7 Tips for Successfully Breastfeeding Your Newborn
By: Michelle Faoro, RN, IBCLC
Skin to Skin
Holding your baby skin to skin often not only promotes bonding, it also provides many other benefits to both mom and baby. Moms begin to learn the baby’s signs of hunger and discomfort which, in turn, boosts maternal confidence. Babies tend to cry less and sleep better decreasing mom and baby’s anxiety. Rates of postpartum depression are significantly decreased in moms that practice holding their babies on their skin often. Babies that are held skin to skin often in the first three months of life typically feed more frequently which means moms, consequently, produce more milk. Skin to skin is also scientifically proven to help your baby transition to extrauterine life by stabilizing blood sugar, regulating heart rate, blood pressure, respiratory rate and temperature. This is important for all babies but, especially critical for premature infants who tend to have difficulty regulating these processes on their own. Skin to skin relieves pain in newborns. Whether it’s a heelstick or more in-depth procedure, the degree of pain relief has been shown to correlate to the amount of time spent skin to skin. We also know it is linked to higher rates of exclusive breastfeeding at 6 months. How soon should you begin? Right after delivery or as soon as mom and baby are stable enough. Dad can also do skin to skin if mom is unavailable. Check out this article from Sanford Health: https://news.sanfordhealth.org/childrens/the-importance-of-skin-to-skin-after-delivery-you-should-know/
Fine Tune the Latch
While you’re in the hospital work on the latch as much as possible and take advantage of the help available from Lactation and your postpartum nurses. Mom’s often know terminology such as “deep latch” but, aren’t quite sure how to recognize whether the latch is “right” or how to fix it if they are aware that the latch is not quite right. Practice while lactation observes you rather than just having someone latch for you. A poor latch will catch up with you quickly in the form of sore nipples, lower supply and possibly poor weight gain.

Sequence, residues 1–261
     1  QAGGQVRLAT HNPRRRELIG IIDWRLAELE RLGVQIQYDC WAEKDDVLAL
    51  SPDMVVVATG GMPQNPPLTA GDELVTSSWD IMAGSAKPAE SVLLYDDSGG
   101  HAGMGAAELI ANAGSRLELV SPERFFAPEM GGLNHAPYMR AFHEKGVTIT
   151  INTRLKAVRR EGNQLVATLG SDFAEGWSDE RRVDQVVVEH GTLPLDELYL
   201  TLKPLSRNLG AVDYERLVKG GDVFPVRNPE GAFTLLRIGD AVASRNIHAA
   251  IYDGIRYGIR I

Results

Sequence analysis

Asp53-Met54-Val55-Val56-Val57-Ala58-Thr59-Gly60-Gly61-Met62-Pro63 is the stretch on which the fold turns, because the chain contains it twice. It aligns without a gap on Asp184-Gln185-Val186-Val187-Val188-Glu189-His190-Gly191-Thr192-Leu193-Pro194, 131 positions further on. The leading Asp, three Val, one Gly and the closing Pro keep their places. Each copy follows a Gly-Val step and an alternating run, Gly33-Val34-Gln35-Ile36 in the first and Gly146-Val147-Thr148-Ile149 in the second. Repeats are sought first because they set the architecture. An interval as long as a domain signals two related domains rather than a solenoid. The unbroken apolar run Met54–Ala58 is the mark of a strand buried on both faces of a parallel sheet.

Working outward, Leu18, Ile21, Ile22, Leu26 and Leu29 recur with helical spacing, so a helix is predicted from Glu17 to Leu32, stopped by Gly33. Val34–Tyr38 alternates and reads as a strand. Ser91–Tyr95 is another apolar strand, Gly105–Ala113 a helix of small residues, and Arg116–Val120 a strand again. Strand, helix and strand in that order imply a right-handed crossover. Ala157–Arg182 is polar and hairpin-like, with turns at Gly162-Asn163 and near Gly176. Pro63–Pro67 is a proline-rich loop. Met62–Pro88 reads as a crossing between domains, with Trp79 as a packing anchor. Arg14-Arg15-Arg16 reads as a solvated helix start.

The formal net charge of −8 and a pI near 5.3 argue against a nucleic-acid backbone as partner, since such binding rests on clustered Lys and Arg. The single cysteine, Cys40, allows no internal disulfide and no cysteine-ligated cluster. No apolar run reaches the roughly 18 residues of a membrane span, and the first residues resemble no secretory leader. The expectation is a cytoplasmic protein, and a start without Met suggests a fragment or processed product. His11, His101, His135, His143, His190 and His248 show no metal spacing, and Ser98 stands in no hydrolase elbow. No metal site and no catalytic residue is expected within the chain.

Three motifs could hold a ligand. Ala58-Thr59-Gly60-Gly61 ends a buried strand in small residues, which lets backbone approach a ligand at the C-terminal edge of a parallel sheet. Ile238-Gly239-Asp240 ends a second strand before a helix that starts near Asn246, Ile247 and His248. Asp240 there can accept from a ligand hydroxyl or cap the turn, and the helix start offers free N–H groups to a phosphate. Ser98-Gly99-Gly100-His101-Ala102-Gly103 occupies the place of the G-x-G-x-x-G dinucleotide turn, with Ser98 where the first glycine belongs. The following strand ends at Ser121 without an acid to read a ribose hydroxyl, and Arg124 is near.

Your milk production is driven by supply-demand. Feeding on demand just means that you feed your baby whenever they show early feeding cues such as rooting, licking or smacking their lips, and bringing their hands to their mouth. Although feeding on cue is recommended, you’ll still want to ensure a minimum of 8 feeds every 24 hours. That means you may have to wake the baby to feed if they are not waking on their own for a minimum of 8 feeds. Breastfed babies often eat very frequently, referred to as “cluster feeding”. Cluster feeding is the way your baby increases your supply. The volume of the baby’s belly is only 5-7ml on day one and increases to 45-60 ml by the end of the first week. The milk supply of an exclusively breastfeeding mom typically goes from about 30 ml on day 1 to 750-800 ml at 1 month but, to do that your body needs the get the message that your baby needs more milk. As tempting as it may be to give a bottle when your baby is cluster feeding, keep the baby on the breast. In order to make enough milk for your baby remember to feed whenever your baby shows hunger cues.
Read our blog on Baby Led Feeding for more information on this topic.
Learn to Hand Express